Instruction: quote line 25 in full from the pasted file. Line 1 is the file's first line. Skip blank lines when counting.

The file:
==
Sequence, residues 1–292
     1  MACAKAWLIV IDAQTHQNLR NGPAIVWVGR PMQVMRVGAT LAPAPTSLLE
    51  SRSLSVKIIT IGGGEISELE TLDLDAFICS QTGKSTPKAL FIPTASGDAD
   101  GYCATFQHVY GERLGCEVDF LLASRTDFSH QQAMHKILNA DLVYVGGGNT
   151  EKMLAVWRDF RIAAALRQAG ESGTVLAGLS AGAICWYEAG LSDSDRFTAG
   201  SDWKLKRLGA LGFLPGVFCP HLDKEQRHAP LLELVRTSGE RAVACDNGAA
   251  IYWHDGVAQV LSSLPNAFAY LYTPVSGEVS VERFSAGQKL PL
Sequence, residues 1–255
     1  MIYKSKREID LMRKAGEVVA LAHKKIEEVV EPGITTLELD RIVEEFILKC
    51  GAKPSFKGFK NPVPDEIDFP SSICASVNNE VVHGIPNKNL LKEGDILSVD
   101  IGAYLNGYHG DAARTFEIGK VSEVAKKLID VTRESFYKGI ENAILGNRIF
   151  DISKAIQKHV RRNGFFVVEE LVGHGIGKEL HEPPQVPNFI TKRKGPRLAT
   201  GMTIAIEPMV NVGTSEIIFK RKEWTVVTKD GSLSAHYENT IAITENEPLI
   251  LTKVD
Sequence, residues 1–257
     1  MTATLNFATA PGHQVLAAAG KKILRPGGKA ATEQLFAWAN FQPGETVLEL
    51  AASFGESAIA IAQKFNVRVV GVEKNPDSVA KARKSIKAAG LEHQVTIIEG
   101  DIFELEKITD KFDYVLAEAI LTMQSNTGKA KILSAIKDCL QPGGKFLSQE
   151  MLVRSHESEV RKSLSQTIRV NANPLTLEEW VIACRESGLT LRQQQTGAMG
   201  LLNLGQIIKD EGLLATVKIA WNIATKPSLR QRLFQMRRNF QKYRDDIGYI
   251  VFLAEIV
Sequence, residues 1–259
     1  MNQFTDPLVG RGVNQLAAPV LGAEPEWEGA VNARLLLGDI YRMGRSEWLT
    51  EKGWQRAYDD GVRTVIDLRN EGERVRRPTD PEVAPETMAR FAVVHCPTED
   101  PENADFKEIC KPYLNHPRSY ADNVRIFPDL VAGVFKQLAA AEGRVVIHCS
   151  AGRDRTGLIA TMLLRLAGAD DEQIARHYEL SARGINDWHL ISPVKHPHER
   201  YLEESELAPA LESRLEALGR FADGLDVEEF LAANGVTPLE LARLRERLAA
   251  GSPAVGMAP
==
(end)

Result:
   101  PENADFKEIC KPYLNHPRSY ADNVRIFPDL VAGVFKQLAA AEGRVVIHCS